Daniel, Apocryphal Additions to
Daniel, Apocryphal Additions To, i.e. pieces found in the Greek translations, but not in the Hebrew text. SEE DEUTERO-CANONICAL. The most important of these additions are contained in the Apocrypha of the English Bible under the titles of The Song of the three holy Children (Daniel 3), The History of Susanna (Daniel 8), and The History of Bel and the Dragon (Daniel 14). SEE APOCRYPHA.
I. Their Character. —
1. The first of these pieces is incorporated into the narrative of Daniel. After the three confessors were thrown into the furnace (Da 3:23), Azarias is represented as praying to God for deliverance (Song of the three Children, 3-22); and in answer the angel of the Lord shields them from the fire which consumes their enemies (23-27), whereupon "the three, as out of one mouth," raise a triumphant song (29-68), of which a chief part (35-66) has been used as a hymn (Benedicite) in the Christian Church since the fourth century (Rufin. Apol. 2:35; comp. Concil. Tolet. iv, Song of Solomon 14). Like several similar fragments, the chief parts of this composition are given at the end of the Psalter in the Alexandrine MS. as separate psalms, under the titles of "The Prayer of Azarias" and "The Hymn of our Fathers;" and a similar arrangement occurs in other Greek and Latin psalters.
2. The two other pieces appear more distinctly as appendices, and offer no semblance of forming part of the original text. The History of Susannah (or
The Judgment of Daniel) is generally found at the beginning of the book (Gr. MSS. Vet. Lat.), though it also occurs after the 12th chapter (Vulg. ed. Compl.). The History of Bel and the Dragon is placed at the end of the book, and in the Sept. version it bears a special heading as "Part of the Prophecy of Habakkuk" (ἐκ προφητείας Α᾿μβακοὺμ υὶοῦ Ι᾿ησοῦ ἐκ τῆς φυλῆς Λευϊv). II. Their Currency. — The additions are found in both the Greek texts — the Sept. and Theodotion — in the Old Latin and Vulgate, and in the existing Syriac and Arabic versions. On the other hand, there is no evidence that they ever formed part of the Hebrew text, and they were originally wanting in the Syriac (Polychronius ap. Mai, Script. Vett. Nov. Coll. i, p. 113, says of the hymn expressly οὐ κεῖται ἐν τοῖς ῾ΕβρÞκοῖς ἢ ἐν τοῖς Συριακοῖς βιβλίοις). From the Sept. and Vulgate the fragments passed into common use, and they are commonly quoted by Greek and Latin fathers as parts of Daniel (Clem. Alex. Ecl. proph. i; Origen, Ep. ad Afric.; Tertull. de Pudic. 17, etc.), but rejected by those who adhered to the Hebrew canon. Jerome in particular, called attention to their absence from the Hebrew Bible (Praef. in Dan.), and, instead of any commentary of his own, adds shortly Origen's remarks "on the fables of Bel and Susanna" (Comm. in Dan. 13:1). In a similar manner, he notices shortly the Song of the three Children, "lest he should seem to have overlooked it" (Comm. in Dan. 3:23).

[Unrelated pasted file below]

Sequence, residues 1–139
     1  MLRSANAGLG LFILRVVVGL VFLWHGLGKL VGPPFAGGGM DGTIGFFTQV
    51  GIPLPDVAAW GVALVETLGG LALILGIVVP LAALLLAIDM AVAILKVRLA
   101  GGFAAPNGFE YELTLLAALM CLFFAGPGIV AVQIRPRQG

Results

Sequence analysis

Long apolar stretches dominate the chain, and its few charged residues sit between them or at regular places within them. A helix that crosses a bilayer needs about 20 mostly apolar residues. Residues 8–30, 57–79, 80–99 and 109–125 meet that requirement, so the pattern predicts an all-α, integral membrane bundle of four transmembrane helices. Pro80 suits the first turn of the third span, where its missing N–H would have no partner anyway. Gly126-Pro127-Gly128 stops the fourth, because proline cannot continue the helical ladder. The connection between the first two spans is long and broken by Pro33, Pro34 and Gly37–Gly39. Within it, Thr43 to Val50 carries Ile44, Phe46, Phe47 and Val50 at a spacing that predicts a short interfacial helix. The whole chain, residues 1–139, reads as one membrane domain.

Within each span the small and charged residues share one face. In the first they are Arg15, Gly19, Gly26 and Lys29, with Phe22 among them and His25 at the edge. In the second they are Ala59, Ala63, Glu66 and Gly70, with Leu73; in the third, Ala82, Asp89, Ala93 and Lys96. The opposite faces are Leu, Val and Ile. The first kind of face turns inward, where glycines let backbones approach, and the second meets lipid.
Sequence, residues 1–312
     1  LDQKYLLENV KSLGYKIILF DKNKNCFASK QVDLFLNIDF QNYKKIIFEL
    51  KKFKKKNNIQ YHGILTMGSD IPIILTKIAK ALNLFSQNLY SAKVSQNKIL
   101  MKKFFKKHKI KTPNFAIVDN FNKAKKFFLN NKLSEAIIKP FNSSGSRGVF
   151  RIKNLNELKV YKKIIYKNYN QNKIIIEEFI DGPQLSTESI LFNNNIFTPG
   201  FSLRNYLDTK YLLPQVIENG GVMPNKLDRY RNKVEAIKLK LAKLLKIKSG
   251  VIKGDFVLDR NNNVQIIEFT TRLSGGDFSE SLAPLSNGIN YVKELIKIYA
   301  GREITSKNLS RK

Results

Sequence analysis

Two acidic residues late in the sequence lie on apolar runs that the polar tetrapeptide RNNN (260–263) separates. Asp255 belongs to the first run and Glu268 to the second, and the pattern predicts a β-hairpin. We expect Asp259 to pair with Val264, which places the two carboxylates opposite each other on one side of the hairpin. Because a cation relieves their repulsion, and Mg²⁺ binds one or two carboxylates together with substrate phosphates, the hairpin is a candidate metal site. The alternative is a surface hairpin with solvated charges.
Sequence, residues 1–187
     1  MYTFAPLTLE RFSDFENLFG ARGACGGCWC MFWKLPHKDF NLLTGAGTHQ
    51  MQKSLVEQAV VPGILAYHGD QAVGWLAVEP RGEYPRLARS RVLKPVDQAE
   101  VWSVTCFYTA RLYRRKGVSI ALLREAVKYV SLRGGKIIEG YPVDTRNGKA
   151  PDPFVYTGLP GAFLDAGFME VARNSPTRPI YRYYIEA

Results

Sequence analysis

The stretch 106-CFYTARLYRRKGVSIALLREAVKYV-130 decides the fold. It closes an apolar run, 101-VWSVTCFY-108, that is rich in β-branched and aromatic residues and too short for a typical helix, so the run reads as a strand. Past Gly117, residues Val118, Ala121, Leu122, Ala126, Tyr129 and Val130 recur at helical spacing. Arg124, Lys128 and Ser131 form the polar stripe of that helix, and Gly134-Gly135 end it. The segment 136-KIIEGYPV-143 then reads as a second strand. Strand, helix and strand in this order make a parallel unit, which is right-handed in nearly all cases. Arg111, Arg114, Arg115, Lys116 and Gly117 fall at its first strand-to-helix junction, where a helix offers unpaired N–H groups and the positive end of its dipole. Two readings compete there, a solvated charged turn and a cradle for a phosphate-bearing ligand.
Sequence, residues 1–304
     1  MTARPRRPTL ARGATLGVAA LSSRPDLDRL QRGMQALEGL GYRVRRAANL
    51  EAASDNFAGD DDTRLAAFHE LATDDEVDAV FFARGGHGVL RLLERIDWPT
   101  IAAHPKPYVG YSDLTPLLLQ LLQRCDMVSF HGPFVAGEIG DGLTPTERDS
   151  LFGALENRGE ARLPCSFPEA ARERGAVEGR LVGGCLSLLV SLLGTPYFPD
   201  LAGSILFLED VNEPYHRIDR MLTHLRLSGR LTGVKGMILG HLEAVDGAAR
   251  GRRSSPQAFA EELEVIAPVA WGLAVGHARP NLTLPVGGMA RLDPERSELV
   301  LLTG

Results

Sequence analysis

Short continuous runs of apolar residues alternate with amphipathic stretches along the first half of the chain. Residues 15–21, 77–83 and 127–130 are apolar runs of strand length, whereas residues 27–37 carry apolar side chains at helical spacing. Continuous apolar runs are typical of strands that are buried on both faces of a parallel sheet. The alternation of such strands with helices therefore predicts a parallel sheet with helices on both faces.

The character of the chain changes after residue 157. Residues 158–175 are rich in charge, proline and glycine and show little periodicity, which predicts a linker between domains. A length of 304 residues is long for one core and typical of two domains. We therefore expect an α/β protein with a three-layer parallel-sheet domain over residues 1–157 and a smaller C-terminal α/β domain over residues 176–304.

III. Their Derivation. — Various conjectures have been made as to the origin of the additions. It has been supposed that they were derived from Aramaic originals (De Wette, Einl. 2:2, Kap. 8, gives the arguments at length), but the intricate evidence is wholly insufficient to establish the point. The character of the additions themselves indicates rather the hand of an Alexandrine writer; and it is not unlikely that the translator of Daniel wrought up traditions which were already current, and appended them to his work (comp. Fritzsche, Exeg. Handb. zu den Apok. 1:121). The abruptness of the narrative in Daniel furnished an occasion for the introduction of the prayer and hymn; and the story of the Dragon seems like astrange exaggeration of the record of the deliverance of Daniel (Daniel 6), which may naturally have formed the basis of different legends. Nor is it difficult to see in the history of Susanna a pointed allusion to the name of the prophet, though the narrative may not be wholly fictitious.